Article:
By making so many references to his editor and publishers, William Goldman demonstrates the sheer politics and structure of the literary industry, and he manages to set himself apart from it by illustrating his own bumbling faux pas in the industry, and his own buoyant enthusiasm to republish The Princess Bride. In his good parts edition, Goldman makes a point to cut what bores him, leave what entertains him, and create what is lacking. He takes full liberty with the text, and all throughout, he encourages us to do the same. By setting himself as the editor, not the author, he is able to show us what an impact this story made on him as a child, and through retelling it the way he heard it, he emphasizes reading as an invitation to make your own world out of a text, never drawing lines between what is real or not, what happened or did not happen. Goldman's style and tone is in direct opposition to the structure and seriousness of the industry of which he is a part.
The Princess Bride is a story of fantasy, therefore all stories of fantasy require a certain suspension of belief. William Goldman addresses these ideas about fantasy and mocks it, giving strange and parodied reasons for events, entering into the text to assure us that something bad will not (or will) happen. He measures time by arbitrary inventions, once again avoiding the notion of "once upon an unmeasured time." He defies the standards of simple characters or a simple ending, but he still involves super-human strength, miracles, and love that can overcome death. The tendency of his characters to speak too much, rather than in clipped noble phrases, as well as his own tendency to enter into the text perhaps too much, lends very little mystery to the story. We know the characters' backgrounds, awkward phases, and motivations, as so we cannot reduce any of them, nor the text itself, to the simplicity of ordinary fantasy.
Goldman/Morganstern's use of inventions (before or after America or stew) and statistics (such as ranking of female beauty, or of best kiss) to measure time functions to parody the methods by which we record history. None of these inventions or rankings has single-handedly changed the world, and Goldman seems to imply that very few isolated timepieces actually have changed the world. Most things in this book exist for the higher end of amusement, and these time measurements are no exception. To understand the story, it is not necessary for us to have dates or current rulers. Goldman suggests that it is of much higher importance that we amuse ourselves by watching the progression of Buttercup up the beauty list, or that we consider that stew was probably the world's oldest invention. This motif functions to satire the genre of fantasy, as well as the institution of literature and authorship.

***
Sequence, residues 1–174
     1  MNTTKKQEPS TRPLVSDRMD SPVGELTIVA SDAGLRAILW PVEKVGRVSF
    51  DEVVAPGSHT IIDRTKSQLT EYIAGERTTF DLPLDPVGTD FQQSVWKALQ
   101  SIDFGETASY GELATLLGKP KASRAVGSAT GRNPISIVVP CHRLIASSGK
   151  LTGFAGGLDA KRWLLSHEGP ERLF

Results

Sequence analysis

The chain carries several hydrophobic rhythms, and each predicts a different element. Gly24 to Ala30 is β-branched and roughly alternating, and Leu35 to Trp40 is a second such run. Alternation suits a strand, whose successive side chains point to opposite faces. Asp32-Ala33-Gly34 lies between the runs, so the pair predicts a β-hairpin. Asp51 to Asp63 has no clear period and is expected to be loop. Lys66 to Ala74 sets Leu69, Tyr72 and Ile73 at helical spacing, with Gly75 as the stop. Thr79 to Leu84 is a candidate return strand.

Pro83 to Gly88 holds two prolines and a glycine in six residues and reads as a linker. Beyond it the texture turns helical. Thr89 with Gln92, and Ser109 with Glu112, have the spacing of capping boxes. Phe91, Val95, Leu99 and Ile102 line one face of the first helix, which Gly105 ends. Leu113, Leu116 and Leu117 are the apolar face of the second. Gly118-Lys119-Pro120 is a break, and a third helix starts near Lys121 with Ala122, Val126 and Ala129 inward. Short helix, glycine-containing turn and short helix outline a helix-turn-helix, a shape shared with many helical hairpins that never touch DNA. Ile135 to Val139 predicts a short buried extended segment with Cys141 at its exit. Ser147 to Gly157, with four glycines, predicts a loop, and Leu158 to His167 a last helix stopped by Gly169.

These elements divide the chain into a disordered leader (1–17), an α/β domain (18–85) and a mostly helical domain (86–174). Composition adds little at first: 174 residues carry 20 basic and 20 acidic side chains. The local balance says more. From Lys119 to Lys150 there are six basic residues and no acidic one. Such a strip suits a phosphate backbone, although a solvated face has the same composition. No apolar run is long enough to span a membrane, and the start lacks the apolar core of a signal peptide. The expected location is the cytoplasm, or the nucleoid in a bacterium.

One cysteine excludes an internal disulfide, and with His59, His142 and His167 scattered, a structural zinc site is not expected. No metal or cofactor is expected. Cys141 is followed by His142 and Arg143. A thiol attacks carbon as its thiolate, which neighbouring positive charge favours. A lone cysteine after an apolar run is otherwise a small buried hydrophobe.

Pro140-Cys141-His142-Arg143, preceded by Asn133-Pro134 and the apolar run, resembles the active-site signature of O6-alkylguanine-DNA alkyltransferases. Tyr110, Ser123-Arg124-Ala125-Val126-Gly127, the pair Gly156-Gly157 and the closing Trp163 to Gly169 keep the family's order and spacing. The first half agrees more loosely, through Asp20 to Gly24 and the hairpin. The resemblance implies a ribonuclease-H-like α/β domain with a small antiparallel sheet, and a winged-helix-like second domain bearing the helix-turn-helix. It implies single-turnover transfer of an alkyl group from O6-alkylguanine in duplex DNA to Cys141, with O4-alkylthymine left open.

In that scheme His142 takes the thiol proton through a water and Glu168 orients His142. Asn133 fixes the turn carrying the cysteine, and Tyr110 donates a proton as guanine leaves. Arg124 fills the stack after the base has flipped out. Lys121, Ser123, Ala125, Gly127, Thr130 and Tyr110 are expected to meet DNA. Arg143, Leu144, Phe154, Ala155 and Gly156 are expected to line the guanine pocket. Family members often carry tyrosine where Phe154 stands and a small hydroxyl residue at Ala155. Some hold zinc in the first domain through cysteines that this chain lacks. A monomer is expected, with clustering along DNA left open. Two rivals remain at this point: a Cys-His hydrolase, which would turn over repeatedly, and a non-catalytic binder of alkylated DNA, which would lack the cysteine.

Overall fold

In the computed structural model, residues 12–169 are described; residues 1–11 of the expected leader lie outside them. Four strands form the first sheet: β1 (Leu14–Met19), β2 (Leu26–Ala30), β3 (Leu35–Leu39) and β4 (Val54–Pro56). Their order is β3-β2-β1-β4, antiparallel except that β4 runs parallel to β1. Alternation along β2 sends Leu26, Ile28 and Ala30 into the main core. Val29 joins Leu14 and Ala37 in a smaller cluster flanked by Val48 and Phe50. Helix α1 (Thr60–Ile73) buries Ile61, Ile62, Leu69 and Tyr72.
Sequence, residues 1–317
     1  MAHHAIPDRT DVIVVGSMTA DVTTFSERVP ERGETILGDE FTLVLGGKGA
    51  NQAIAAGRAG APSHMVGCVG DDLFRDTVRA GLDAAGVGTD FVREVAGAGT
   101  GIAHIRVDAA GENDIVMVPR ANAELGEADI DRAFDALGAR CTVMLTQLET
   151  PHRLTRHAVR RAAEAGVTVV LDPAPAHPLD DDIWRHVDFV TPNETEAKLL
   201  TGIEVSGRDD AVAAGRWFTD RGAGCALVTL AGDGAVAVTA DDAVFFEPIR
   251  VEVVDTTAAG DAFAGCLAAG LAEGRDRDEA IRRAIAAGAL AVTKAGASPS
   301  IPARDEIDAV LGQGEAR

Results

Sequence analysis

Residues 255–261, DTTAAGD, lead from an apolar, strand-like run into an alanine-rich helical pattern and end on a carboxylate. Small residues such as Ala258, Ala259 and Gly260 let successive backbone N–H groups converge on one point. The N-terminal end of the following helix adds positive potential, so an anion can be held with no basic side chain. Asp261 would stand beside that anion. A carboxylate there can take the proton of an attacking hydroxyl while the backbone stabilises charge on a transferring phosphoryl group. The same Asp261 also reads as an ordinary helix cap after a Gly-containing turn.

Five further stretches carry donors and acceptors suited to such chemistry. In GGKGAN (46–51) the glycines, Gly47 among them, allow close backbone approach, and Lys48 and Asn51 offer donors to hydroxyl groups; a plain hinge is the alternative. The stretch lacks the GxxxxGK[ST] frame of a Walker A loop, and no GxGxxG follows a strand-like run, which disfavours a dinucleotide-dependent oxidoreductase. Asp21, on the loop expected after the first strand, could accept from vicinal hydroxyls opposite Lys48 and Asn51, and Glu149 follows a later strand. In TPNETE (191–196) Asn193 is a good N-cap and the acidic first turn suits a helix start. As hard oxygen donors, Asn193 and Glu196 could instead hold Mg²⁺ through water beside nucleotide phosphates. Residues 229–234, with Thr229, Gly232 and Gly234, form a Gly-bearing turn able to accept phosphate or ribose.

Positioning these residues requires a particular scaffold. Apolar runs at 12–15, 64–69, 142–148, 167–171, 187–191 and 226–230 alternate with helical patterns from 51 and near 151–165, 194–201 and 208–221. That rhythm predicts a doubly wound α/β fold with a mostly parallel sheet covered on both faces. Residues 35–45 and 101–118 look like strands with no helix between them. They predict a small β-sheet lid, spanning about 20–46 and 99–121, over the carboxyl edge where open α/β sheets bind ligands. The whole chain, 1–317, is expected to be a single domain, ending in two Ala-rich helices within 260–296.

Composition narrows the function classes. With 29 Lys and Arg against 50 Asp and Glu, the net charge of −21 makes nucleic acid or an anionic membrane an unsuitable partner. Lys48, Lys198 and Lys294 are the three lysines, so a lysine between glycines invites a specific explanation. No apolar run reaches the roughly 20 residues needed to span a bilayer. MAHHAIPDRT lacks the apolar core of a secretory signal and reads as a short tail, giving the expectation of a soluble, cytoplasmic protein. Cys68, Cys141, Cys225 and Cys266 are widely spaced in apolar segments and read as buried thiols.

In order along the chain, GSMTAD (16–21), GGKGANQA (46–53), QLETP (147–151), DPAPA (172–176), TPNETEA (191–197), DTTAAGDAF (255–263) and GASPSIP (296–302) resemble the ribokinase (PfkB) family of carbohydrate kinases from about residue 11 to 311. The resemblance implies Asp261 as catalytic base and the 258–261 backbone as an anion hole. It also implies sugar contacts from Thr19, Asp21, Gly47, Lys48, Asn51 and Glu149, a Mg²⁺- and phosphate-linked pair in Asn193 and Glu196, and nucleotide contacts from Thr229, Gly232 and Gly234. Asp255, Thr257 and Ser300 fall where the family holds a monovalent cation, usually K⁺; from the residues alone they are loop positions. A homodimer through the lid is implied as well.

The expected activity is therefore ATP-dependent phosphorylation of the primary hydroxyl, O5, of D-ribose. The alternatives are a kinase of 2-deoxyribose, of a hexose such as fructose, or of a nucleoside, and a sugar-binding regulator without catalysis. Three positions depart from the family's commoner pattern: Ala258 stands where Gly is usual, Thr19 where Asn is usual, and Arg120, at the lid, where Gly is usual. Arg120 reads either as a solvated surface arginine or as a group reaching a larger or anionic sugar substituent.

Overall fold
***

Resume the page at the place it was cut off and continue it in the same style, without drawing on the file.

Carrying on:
Over and over again, Goldman will set up a scene that appears to be a glorious one, only to promptly overturn it in the next paragraph. For example, the description in quotes of why Inigo loved his father. We are fully prepared for a picturesque, traditional image of love, war, adventure, but each time Goldman adds a twist to throw us off balance. He reminds us that this is not a typical story and that we ought to recognize that since we know so well the elements of this paradigm. Goldman's tone and narrative structure challenges us constantly to reassess our expectations of literature, to prepare our imaginations for surprises and silliness and tangents.
The interruptions of the author/narrator represent literary freedom, and the author/reader's ability to bring whatever he or she has and thinks to the text itself. Goldman's interruption about Robert Browning, for example, has nothing at all to do with this story but happened to pop up in Goldman's mind when he mentioned Morganstern's previous book not having sold well. Goldman's interruptions also allow us to know what will happen before it happens. Because there are supposedly parts of the book that are not important enough to make the good parts cut, these interruptions demonstrate the necessity to view a text as something linear and malleable, rather than a static, stoic piece of work.
Each of the main characters is the best at something: Inigo, steel; Fezzik, strength; Vizzini, wits; Buttercup, beauty; Humperdinck, hunting; Westley, surviving. Naturally, Westley's strength places him above every other man, since he is faced with death again and again and overcomes each threat in the threats own arena. Having all of the characters represent the beat of their field elevates the story to an epic status, of super-human people dueling with unbelievable skill. In another sense, these superior qualities make the characters' weaknesses and flaws even funnier and more endearing, as we see them juxtaposed with such greatness.